Value for Money: Great. well it was free. Seriously though, the price I think for what we had is £135 from the Devilled Kitchen website so if you take into account Living Social discounts I think you could keep your eye out for a bargain here.

The Course:

When we arrived we were shown into the dining room while the rest of the party arrived. The house was gorgeous with large chandeliers and high ceilings – I wouldn’t mind living there!

We had time to chat and find out a little about each other before we started. The lady in charge was Barbora Stiess. Normally she would have had an assistant but she had been in an accident that morning so she couldn’t make it, I hope she is better now! No offense to the assistant though but the course went wonderfully and I didn’t realise there was supposed to be help until the end!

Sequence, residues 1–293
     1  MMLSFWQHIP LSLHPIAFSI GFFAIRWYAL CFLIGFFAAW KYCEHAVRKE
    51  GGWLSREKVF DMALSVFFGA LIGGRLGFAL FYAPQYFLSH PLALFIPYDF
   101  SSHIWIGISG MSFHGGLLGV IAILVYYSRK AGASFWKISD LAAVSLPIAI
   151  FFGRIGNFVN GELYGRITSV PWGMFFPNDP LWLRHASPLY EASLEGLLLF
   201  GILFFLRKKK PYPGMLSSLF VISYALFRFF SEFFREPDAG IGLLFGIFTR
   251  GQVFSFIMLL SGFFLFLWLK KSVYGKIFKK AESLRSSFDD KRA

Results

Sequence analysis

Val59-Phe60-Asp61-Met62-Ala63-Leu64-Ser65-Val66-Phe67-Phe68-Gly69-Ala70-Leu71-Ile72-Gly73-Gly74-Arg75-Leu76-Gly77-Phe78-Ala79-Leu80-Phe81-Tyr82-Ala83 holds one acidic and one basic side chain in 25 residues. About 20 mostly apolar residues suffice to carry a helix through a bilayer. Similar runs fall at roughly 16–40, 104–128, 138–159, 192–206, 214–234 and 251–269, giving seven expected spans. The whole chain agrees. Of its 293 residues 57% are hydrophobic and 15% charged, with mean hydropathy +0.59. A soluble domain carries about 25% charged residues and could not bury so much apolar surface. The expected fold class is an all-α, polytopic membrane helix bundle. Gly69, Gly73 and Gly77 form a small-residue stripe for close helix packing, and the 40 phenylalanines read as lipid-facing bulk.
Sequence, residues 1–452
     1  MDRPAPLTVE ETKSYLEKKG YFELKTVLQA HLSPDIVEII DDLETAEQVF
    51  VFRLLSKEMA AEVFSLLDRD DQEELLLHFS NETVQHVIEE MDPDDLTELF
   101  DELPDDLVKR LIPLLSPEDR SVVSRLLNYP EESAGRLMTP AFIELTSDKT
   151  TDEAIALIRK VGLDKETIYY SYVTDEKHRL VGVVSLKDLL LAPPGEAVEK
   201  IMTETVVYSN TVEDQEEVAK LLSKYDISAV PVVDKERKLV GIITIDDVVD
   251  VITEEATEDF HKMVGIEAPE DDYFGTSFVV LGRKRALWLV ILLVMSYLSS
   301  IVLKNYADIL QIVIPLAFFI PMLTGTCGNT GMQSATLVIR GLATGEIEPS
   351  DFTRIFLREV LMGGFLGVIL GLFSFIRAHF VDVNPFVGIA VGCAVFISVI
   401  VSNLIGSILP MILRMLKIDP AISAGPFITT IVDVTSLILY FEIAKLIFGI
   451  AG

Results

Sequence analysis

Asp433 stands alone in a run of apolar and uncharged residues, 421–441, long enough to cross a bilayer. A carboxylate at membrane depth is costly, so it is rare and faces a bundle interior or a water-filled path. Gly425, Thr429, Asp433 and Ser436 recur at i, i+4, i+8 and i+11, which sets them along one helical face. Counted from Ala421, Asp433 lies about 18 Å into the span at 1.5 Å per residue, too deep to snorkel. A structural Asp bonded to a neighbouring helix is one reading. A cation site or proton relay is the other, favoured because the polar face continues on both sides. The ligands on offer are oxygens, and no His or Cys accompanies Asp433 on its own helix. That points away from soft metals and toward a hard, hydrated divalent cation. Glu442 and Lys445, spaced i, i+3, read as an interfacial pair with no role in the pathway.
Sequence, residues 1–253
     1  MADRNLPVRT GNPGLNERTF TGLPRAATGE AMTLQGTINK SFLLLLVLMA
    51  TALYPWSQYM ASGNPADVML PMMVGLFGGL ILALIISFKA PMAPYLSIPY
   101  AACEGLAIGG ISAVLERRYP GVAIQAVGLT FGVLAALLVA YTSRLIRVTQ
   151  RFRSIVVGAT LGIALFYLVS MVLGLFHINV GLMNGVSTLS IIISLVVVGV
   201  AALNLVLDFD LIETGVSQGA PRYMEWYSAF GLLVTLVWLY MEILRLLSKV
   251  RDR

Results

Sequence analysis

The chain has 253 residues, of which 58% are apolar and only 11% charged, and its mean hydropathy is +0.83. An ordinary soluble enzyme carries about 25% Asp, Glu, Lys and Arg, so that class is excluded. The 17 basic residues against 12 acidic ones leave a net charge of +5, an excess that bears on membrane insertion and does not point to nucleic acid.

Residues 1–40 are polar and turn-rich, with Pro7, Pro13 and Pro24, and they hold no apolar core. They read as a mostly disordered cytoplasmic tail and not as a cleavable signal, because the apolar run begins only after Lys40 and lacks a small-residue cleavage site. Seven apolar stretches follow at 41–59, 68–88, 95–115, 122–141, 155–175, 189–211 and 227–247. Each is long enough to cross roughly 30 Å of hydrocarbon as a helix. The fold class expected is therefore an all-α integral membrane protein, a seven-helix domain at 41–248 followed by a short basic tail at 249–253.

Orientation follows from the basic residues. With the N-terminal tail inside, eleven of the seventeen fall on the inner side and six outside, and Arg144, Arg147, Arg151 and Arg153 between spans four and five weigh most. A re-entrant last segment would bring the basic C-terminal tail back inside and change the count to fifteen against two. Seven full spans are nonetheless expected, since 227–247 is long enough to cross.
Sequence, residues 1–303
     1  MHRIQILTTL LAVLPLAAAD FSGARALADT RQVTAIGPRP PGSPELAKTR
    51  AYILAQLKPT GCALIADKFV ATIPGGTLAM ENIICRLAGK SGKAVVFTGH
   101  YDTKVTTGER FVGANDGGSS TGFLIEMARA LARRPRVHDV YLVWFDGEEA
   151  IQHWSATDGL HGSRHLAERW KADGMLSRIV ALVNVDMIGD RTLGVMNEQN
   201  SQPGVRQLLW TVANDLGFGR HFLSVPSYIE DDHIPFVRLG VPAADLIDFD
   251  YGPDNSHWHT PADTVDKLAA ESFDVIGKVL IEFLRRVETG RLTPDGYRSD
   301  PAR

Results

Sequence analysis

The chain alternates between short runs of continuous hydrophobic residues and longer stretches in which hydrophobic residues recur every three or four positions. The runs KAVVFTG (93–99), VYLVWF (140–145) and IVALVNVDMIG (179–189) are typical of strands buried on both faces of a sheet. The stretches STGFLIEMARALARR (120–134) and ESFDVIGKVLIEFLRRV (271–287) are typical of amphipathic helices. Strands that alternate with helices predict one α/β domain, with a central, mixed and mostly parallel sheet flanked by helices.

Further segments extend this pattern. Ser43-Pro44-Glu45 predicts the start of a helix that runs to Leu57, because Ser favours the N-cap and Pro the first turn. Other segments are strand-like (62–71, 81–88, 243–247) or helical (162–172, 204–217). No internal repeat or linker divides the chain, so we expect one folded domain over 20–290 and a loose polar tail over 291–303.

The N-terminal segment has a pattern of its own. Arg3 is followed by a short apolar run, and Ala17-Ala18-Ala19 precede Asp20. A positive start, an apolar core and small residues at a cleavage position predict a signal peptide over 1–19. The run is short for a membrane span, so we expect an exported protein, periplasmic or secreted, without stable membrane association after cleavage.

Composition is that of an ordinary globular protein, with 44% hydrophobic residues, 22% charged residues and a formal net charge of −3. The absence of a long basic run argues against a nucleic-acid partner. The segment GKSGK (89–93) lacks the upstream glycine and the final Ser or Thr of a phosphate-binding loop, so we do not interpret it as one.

We all had to wash our hands or use the gel in the little dispenser as shown in the picture. I was paranoid about spreading germs because I was suffering from hay fever so I used more than my fair share of the gel. We would all be eating each other’s food so I wanted to make sure that no one would be grossed out.

There were a number of recipes but I won’t put them on here out of respect for the owner although she said it would be alright … except for one. We adored the bread rolls we made so this is going on here so I can find it again later (I tend to lose bits of paper).

Bread Rolls

This was the first recipe we followed and when volunteers were asked for, my husband stepped up to the plate (well bowl actually) and started the measurements. Here’s what was needed:

  • 500g strong white flour , plus extra for dusting
  • 2 tsp salt
  • 7g sachet fast-action yeast
  • 3 tbsp olive oil
  •  300ml water
  1. Mix the flour, salt and yeast in a large bowl
  2. Make a well in the centre, then add the oil and water, and mix well
  3. If the dough seems a little stiff add 1-2 tbsp water, mix well then tip onto a lightly floured work surface and knead.